Stephen's passion for education began in his own high school career when he began teaching and coaching underprivileged children at the Anderson Recreation Center near the west side of Chicago.
Stephen earned his Bachelor of Arts in History Degree from Emory University. He received his Master's of Arts in Religious Studies Degree from Columbia University; he received his MBA in International Business and Organizational Management at the University of Illinois at Chicago. In 2015, Stephen completed his EdM in Education Leadership at Teachers College, Columbia University.
His service to his country and to education has been prodigious -- from 1995-2011, he served in the United States Marine Corps as Infantry and International Affairs Officer. He received the Joint Service Commendation Medal, the Joint Service Achievement Medal, and the Army Achievement Medal. During his career in the military, Stephen was deployed both in Iraq and Afghanistan.
For the past four years, Stephen has been teaching, first at the Sports Leadership and Management Charter School in Miami, Florida, and most recently at Beacon High School, where he taught Philosophy and Social Science.
We are honored to welcome Stephen and his family to St. Andrew's!
Pam Brownlee: We are pleased to welcome back Pam Brownlee to St. Andrew's in her new role as Director of Counseling.
From 2003-2015, Pam Brownlee served as Associate Director of Counseling at St. Andrew's. Her work with her colleagues Director of Counseling Whiz Hutchinson and Assistant Director of Counseling Lindsay Roznowski helped develop one of the best counseling programs in boarding education. Pam's wisdom, experience, and understanding of adolescents literally made all the difference for a generation of St. Andrew's students.
During her career, Pam has worked in corporate sales for Proctor & Gamble and the Noxell Corporation.
She began a private counseling practice in Rapid City, South Dakota, and worked closely with the Lakota/Sioux Tribe in fundraising.
When Pam's family moved to Ellicott City, Maryland, Pam began working at a grassroots organization advocating for homeless families in the area.
Since 2015, Pam pursued certification in yoga teacher training. She taught yoga, meditation, and mindfulness while continuing her counseling practice within the local community.
Pam is a graduate of Marietta College where she earned her B.A. degree in Education. She received her M.S. in Counseling at Southern State Connecticut State University.
Ashley Hyde: We are pleased to welcome Ashley Hyde and her husband Sotirios Adamakis to St. Andrew's as a new member of our Science Department.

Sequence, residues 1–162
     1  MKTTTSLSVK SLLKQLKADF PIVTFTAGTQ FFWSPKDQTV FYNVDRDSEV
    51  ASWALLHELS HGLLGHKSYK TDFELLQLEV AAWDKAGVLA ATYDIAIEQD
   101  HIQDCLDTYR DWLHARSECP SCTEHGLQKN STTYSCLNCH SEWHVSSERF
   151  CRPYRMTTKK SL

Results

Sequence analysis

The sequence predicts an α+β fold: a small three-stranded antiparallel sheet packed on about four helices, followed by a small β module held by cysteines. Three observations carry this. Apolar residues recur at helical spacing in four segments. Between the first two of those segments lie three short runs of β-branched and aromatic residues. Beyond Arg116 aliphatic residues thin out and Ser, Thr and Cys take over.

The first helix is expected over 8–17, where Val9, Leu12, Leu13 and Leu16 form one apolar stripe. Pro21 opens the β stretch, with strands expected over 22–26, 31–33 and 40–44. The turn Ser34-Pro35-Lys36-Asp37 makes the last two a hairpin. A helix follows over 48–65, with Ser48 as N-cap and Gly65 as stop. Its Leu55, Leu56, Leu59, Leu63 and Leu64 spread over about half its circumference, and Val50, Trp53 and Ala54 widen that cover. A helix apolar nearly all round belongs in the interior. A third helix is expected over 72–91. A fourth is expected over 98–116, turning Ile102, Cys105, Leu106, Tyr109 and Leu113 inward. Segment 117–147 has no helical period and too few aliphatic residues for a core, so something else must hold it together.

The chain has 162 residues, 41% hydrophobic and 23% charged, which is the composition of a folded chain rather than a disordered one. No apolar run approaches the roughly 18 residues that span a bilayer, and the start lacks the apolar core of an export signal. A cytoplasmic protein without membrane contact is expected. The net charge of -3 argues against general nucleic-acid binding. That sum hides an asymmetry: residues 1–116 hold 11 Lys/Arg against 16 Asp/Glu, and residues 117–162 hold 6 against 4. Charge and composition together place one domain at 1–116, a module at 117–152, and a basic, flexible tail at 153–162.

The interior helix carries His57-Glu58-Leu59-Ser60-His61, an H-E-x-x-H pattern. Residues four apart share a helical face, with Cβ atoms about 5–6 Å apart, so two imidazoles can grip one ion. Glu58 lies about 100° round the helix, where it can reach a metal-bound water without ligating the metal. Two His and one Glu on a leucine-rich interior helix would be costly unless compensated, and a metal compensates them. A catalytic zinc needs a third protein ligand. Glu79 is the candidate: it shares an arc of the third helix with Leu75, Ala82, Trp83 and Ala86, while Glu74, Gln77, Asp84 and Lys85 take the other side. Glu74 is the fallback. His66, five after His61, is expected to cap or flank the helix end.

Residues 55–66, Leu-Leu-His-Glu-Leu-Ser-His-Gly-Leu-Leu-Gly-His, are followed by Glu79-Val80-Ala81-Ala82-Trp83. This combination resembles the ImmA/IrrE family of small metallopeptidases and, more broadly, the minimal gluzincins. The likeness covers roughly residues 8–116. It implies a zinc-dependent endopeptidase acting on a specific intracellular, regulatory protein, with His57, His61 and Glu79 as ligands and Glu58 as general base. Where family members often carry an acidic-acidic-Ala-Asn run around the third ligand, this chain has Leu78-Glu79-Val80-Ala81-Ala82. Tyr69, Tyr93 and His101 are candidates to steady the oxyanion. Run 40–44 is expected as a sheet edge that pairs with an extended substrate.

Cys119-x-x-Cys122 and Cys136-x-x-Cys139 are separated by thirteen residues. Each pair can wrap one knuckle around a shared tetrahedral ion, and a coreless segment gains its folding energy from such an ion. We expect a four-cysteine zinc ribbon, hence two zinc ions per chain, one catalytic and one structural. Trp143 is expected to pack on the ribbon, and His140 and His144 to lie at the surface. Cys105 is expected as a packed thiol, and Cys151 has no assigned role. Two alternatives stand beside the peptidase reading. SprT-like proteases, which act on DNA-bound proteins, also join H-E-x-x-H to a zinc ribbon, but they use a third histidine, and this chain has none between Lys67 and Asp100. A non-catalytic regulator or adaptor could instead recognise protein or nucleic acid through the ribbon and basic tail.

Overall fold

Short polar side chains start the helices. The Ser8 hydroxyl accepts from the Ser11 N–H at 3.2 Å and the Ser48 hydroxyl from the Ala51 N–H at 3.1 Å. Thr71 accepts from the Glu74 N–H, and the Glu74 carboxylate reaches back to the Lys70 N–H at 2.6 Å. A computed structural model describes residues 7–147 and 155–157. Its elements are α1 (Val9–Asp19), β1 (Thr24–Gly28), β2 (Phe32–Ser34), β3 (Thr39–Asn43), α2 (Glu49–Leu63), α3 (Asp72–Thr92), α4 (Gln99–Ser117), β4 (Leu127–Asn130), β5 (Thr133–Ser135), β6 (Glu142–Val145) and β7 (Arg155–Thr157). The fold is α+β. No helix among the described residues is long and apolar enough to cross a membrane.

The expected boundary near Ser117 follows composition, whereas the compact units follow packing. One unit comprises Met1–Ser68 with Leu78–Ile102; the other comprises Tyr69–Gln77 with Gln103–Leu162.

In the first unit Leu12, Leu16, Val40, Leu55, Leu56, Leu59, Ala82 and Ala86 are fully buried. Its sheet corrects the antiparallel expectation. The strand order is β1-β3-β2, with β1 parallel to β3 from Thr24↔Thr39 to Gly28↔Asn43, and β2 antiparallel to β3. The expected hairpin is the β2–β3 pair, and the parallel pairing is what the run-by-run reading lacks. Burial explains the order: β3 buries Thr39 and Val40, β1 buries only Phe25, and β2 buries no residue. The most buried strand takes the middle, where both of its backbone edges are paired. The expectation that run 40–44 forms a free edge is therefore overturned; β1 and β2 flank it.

Ashley is a graduate of Southampton University, England, where she earned her Master's Degree in Physics with Astronomy, First Class Honours. She earned her PhD in Astrophysics at Imperial College, London. During her scholarly career, Ashley served as an Astronomer in the Royal Observatory in Greenwich, and undergraduate teaching assistant at Imperial College, London, and a USRP Research Intern at NASA Jet Propulsion Laboratory.
Since 2014, Ashley has taught at the Harrow School in the United Kingdom. In addition to teaching Physics and Astronomy at the School, she has mentored students seeking the Exscitec Platinum Award for Engineering Projects, ran the Physics segment of the school's Senior Science Lecture Competition, mentored a new teacher in her department, and served as a member of the school's University Team, assisting students with their university application process. Welcome!
Will Rehrig: We are pleased to welcome Will Rehrig to St. Andrew's as a member of our Science Department.
Will is a 2011 graduate at St. Andrew's and the recipient at his Commencement of the School's highest award for character, leadership, and service.
In 2015, Will completed his Bachelors of Chemical Engineering Degree at the University of Delaware.
During his career at the University of Delaware, Will shared his passion, expertise, and knowledge of residential life. He served as a Residential Assistant for three years, worked in promotional positions for two years, and led student organizations centered on residential living. He earned the American College Personnel Association Outstanding Undergraduate Student Staff Award in 2015; he was presented the Distinguished Service Award by the Central Atlantic Affiliate of University and College Residence Halls in 2014.
Since February 2016, Will worked as a nuclear engineer, Assistant Shift Test Engineer at the Department of the Navy, Norfolk Naval Shipyard. In this position, he was responsible for understanding and learning the Nuclear Reactor Plant System for the Nimitz Class Aircraft Carriers.
Christopher Sanchez: We are pleased to welcome Christopher Sanchez to St. Andrew's as a member of our Science Department.
In May 2017, Christopher graduated from the University of Delaware with a Bachelor of Science Degree in Physics and a Bachelor of Arts Degree in Philosophy.